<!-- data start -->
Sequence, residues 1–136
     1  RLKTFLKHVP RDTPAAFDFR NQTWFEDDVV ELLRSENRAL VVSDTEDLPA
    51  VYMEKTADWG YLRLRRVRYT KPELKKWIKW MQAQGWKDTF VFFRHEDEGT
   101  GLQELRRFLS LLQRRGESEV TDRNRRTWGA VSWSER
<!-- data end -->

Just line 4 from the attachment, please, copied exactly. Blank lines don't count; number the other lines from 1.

   101  GLQELRRFLS LLQRRGESEV TDRNRRTWGA VSWSER